Labour Presidential candidate Michael D Higgins was on the campaign trail in Longford last Thursday where he launched a broadside on his fellow candidates in the race while at the same time, underlining his credentials in the arts community.
“This is my first time in Longford since I got the nomination (to run as a candidate),” Mr Higgins told the Leader in the lobby of the Longford Arms Hotel. “The campaign is going very well and the public response is very good.”
To look at the wily former Arts Minister, you could be forgiven for asking why a tense and undoubtedly gruelling race for the highest office in the land would appeal to a man who last April celebrated his 70th birthday.
Yet as soon as the mere mention of the Irish Presidency crops into the conversation, Higgins’ demeanour suddenly changes.
Referring to a recent Irish Times/Ipsos Mori poll, which showed both David Norris and Gay Mitchell leading the race, the Labour Party president was quick to turn the tables, preferring instead to focus on his own attributes.
“It (poll) had three people very close together,” he simply insisted. “I think the most significant part of the poll was the transfer pattern. The part that I found most interesting was the characteristics that people valued the most I think I was first in that.”
Higgins was likewise keen to reflect on his two and a half year stint as Minister for Arts, Culture and Tourism during the mid 90s and in particular his role in sanctioning the emergence of Longford town’s Backstage Theatre.
“Did you know I funded that?” he purposively asked the Leader. “I think there is a plaque I have yet to unveil up there and I funded 14 of these theatres on the very simple basis that I didn’t think you had to be living in the city centre to be able to attend museums.”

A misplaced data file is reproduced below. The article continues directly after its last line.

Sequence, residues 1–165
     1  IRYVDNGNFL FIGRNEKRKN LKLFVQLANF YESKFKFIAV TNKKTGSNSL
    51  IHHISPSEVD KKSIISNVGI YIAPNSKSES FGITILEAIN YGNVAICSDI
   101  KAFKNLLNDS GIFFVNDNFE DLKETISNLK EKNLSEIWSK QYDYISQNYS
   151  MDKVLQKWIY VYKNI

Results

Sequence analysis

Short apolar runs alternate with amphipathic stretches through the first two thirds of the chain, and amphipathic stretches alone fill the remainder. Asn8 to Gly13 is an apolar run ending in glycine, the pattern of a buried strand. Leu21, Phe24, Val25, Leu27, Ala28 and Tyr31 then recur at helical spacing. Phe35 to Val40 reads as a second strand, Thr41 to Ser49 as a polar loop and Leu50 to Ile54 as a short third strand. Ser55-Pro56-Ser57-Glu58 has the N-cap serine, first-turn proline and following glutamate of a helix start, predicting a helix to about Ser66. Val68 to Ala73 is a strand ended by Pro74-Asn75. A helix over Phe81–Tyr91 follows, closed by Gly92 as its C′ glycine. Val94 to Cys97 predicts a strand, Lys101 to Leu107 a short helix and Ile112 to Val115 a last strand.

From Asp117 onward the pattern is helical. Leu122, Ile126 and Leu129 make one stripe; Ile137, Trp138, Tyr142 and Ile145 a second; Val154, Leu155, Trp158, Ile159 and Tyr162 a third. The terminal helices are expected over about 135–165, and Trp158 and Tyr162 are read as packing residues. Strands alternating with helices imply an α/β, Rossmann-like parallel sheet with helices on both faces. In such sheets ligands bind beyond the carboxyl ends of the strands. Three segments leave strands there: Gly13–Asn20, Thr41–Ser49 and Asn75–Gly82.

In rejecting assertions his heavy arts based involvement could be seen by critics in a negative sphere, Higgins laughed, before launching a broadside at independent candidate Sean Gallagher.
“I don’t find any value in someone who says they want to be the CEO of Ireland. I mean, how could you say that? You can’t tell the Irish people with an election coming up on October 27 that you will do things that you can’t do.”
Speaking just days before the latest controversy surrounding the David Norris campaign emerged, Mr Higgins played down suggestions the reason behind David Norris’ surge in popularity was linked to his “political free” status as an independent.
“Look, the Irish presidency isn’t free,” he replied sharply. “Just because you call yourself an independent doesn’t mean anything. There are many people who are flying with flags of convenience who are saying they are independent.
“If you were to say to me I should set all that aside to meet David’s criteria, no I will not. What I am saying is I have much wider experience than he has and I will be a better president and we are friends. I’m glad that he’s standing (for president) and that he is in the field; I just wish that we were debating the presidency.”
Since then, the Higgins campaign has been forced to deny that its members were involved in any way with the disclosures which have rocked the David Norris campaign for the second time in a few months. Over the weekend it emerged that a number of key members of Mr Norris’s team had resigned after it emerged that he had written a letter to an Israeli court appealing for clemency for his former partner who had been convicted of the statutory rape of a 15-year-old boy.
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